Koresh knew right then that the gun is our most illuminating symbol of freedom. The gun defines us. The gun provides us the free will that Cain enjoyed in order to choose to either slay his brother or walk away. The gun provides the American experiment with its human nature hypothesis; dominate, protect, eradicate.

When the gun lobby talks about the right of ownership, it is correct. It is the ownership of dominance, the fulcrum against fear; the fear of the brown guy, the foreigner, the dark stare from the stranger, the terrible chance that somewhere in the mist lurks someone who needs to be taken down. It is the core of our myths, our American story bloated with greed and lust and the man in the white hat taking down the one in the black hat, so we can all go home fulfilled with our comforting dose of dominance. It is Jesse James. General Custer. Al Capone. Rambo.

The gun is the core of our American experiment: To shoot or not to shoot. The right to bear arms and become the predator or the victim or live peacefully—not because it is demanded or bellowed or craved or even urgently needed, but because we choose to live free or die, or both. This is the grand bargain. It is non-negotiable. It exists without guilt, what the Buddhists understand as “just is.”

We, the Americans in this great experiment, own this choice, that precious moment of time between whether to take a life or turn away, just like we own the burning of innocents abroad, the countless assassinations and invasions and colonizations, the secret overthrow of democratic governments for fascist regimes that afforded us the right of domination to cultivate industry, swell our economy and expand our horizons. Guns are the beat of our national anthem; of rockets’ red glare and bombs bursting in air, and our heroes of war and “Remember The Alamo.”

It was as if after the Newtown massacre, everyone suddenly woke up. Where have you been? What did you think this was all about? This freedom? This human nature? This America? It was as if it were 9/11 all over again, and we awoke to the realities of a world we created; and not in any calculated plot to have enemies we nurtured and provoked and partnered with come back to kill our citizens, but because it is the toll that is paid for our pursuit of dominance, to achieve the quintessence of our human nature.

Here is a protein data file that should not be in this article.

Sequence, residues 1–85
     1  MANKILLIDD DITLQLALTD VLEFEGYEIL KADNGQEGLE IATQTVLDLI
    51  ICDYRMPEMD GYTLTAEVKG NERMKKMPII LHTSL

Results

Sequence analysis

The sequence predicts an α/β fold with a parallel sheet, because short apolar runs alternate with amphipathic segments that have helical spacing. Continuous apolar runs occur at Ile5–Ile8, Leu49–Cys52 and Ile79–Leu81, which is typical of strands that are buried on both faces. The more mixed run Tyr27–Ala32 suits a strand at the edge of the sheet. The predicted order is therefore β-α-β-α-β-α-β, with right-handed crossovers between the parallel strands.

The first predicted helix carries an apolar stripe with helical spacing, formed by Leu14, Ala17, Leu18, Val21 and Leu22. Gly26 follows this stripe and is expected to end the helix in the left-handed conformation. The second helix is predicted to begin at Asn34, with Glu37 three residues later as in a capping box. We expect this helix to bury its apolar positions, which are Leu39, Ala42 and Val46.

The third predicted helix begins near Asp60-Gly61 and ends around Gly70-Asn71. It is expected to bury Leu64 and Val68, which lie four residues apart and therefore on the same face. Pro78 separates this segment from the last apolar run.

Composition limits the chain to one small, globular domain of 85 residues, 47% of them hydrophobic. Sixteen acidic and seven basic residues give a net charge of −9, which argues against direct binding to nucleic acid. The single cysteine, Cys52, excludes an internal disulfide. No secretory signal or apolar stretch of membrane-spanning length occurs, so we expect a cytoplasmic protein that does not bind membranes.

And now we are going to regulate this mess, pass laws that will curtail the minutest segment of this groaning beast?


It’s the guns. It’s the games. It’s the movies. It’s the music. It’s the streets. It’s the economy. It’s the media. It’s everything but us, free, dominant and imbued with our nature.

Can you recall a single law passed since the Civil Rights Act that has actually granted anyone more freedom? How much safer are we? You might ask the kids in Columbine who were wiped out during the first Assault Weapons Ban.

Oh, but we’ll pass something, and it will assuage our guilt for being human and American and dominant and in fear and draped in the ignorance of feeling for just a fleeting moment as if we are entitled to safety from ourselves.

The sun will set and then come up again and those who need to get whatever weapon they wish to get will do so, as will those who wish to get the illegal drugs they procure with little effort every single day. And we’ll continue to be so pleased with ourselves that we are just and moral, while also being completely free.

This, of course, is the aphrodisiac of human nature; denial. It is how we humans cope with all this nature.